By Catalina Uriarte

Social media has changed the game for the newsroom whether they like it or not. A new study by Pew Research announced in 2016 that 62% of individuals receive news on social media. However, users aren’t the only ones using social media for news. Even news media sources use social media in order to get photos and videos of their latest story’s victim.

Modern Keyboard With Colored Social Network Buttons.

BELCHATOW POLAND – MAY 02 2013: Modern white keyboard with colored social network buttons.

According to USA Today, anyone can be a citizen journalist. With a smart phone right at our finger tips, it’s easy to whip out a video and share it with our peers online. With our smart phones we are able to post things on the social web faster than ever. BBC is calling it a social media revolution!

So how can ordinary journalist and news organizations keep up? With technology it is not enough just to hear about news, the public now wants to interact and be a part of the action. As a result of this some news media is losing the game. Pew Research reported that in 2015 newspapers had their worst year yet since the recession, an industry that supports 33,000 full time employees. In January 2016 it was reported that just 5% of individuals named the newspaper as their most helpful source for election information.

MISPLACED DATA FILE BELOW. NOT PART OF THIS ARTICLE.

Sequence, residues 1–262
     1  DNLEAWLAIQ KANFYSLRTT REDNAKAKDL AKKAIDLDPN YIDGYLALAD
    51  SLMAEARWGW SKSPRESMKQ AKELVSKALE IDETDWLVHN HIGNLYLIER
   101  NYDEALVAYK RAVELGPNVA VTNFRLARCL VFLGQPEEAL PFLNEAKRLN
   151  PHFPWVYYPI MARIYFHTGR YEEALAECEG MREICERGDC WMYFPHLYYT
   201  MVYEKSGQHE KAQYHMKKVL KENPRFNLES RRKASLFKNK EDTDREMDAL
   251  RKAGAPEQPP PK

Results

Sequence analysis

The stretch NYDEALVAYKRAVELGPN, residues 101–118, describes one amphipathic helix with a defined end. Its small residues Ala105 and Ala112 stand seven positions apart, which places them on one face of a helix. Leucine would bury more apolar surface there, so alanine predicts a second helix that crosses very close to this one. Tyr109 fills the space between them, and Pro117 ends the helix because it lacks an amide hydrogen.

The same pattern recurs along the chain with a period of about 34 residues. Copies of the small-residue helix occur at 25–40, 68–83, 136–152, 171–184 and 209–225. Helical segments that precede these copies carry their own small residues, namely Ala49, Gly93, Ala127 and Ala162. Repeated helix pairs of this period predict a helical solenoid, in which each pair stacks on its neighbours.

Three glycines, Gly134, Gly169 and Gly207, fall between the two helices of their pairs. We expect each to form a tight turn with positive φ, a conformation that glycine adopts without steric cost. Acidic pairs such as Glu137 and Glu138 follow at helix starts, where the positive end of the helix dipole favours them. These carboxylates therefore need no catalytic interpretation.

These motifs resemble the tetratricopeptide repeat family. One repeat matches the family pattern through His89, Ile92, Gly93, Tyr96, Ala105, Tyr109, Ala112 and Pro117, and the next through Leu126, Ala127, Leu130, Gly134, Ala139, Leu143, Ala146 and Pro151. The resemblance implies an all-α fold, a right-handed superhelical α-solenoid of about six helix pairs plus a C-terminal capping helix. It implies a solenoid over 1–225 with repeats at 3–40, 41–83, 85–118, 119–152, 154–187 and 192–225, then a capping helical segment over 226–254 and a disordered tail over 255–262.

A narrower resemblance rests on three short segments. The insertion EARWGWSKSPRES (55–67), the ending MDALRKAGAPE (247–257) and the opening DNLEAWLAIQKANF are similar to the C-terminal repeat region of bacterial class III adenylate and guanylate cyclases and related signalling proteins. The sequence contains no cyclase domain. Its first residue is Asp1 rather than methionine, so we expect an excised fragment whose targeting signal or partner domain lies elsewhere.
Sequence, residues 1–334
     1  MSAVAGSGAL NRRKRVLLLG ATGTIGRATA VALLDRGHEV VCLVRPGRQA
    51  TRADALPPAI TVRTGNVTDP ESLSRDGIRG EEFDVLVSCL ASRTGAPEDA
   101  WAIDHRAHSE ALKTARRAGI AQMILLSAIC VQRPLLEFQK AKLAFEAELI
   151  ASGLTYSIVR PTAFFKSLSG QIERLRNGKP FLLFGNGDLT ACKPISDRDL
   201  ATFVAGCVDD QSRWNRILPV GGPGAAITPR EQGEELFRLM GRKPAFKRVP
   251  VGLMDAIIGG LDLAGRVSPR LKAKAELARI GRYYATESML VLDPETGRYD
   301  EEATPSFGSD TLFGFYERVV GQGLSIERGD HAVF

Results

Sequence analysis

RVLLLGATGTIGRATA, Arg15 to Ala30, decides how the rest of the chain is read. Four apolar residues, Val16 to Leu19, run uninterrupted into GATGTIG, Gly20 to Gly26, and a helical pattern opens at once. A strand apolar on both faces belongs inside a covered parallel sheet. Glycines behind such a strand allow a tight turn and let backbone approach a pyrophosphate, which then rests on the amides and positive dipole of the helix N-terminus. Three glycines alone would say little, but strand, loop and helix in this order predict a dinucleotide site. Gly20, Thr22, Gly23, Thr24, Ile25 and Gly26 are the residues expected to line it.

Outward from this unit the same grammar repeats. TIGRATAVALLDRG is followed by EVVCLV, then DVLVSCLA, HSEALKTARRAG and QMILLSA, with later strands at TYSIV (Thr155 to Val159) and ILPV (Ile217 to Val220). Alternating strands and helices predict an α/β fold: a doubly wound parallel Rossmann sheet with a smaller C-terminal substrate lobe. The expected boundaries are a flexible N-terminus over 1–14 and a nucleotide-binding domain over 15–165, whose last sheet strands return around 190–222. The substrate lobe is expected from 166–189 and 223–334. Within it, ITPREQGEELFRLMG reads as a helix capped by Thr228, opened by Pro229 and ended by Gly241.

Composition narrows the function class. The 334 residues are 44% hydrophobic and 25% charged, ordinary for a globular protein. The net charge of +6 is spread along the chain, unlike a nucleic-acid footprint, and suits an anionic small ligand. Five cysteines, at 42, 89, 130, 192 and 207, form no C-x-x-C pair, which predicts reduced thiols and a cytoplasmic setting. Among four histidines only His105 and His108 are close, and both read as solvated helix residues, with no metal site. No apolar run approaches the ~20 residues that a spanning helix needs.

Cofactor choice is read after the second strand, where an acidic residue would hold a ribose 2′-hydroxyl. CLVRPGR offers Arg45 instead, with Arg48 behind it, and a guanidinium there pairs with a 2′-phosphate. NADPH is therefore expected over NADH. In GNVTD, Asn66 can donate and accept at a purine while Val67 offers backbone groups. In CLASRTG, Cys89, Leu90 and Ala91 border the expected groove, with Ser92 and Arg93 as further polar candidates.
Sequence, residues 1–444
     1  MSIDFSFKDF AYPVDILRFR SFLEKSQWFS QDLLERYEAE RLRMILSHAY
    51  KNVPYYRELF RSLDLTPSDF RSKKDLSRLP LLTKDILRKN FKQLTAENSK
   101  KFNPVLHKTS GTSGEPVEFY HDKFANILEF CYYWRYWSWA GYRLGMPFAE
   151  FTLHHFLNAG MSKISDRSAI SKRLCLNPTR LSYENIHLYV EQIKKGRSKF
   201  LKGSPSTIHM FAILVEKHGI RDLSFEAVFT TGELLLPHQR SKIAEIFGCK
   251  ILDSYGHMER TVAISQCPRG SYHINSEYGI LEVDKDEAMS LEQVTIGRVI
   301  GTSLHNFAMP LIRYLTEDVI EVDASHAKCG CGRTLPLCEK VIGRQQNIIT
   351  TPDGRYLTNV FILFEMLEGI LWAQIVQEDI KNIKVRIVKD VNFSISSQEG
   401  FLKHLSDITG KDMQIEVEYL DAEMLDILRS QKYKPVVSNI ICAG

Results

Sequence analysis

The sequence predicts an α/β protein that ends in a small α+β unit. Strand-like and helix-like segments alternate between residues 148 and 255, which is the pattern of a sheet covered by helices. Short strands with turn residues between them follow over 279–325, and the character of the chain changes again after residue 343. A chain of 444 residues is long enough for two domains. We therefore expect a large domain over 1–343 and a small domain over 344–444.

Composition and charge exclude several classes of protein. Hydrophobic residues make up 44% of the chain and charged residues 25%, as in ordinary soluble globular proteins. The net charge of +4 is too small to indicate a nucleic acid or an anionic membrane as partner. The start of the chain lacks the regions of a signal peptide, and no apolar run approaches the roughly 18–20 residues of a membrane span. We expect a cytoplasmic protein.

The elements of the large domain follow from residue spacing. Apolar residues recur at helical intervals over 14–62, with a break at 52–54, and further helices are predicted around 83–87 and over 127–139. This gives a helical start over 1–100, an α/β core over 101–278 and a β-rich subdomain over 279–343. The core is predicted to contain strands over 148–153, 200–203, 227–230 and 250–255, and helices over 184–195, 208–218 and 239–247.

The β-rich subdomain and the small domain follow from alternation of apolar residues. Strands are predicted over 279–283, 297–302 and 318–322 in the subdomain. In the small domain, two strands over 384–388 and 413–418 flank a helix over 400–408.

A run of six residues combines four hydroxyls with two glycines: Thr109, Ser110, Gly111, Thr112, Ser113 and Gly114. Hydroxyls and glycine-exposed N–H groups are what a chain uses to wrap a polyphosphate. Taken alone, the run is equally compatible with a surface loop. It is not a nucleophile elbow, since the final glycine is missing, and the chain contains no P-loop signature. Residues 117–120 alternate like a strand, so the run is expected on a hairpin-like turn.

Network news stations are shown to still be doing alright. Many news companies have moved to offering their news online and putting up paywalls on their sites. None the less social media threaten to trump all by being free, conveniently accessible, and by having such a large audience. According to Zephoria, Facebooks active user audience is at 1.88 billion. Adding to the easy access social media creates large news sources can be found on social media platforms as well.

Perhaps the social media revolution will lead to a news media revolution as news media must find a way to integrate itself onto the social web. Either way social media has undeniably changed the game by providing an interactive environment where anyone has the opportunity to report and react to events.


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Gottfried, J. Shearer, E. (2016, May 26). News Use Across Social Media Platforms 2016. Retrieved February 18, 2017, from

Graham, J. (2015, May 7). How to be a Citizen Journalist with Your Smart Phone. Retrieved February 18, 2017, from

Holcomb, J. Mitchell, A. (2016, 15, June). State of the News Media 2016. Retrieved February 18, 2017, from

Zephorria Digital Marketing. (2017, February 2). The Top 20 Valuable Facebook Statistics. Retrieved February 18, 2017, from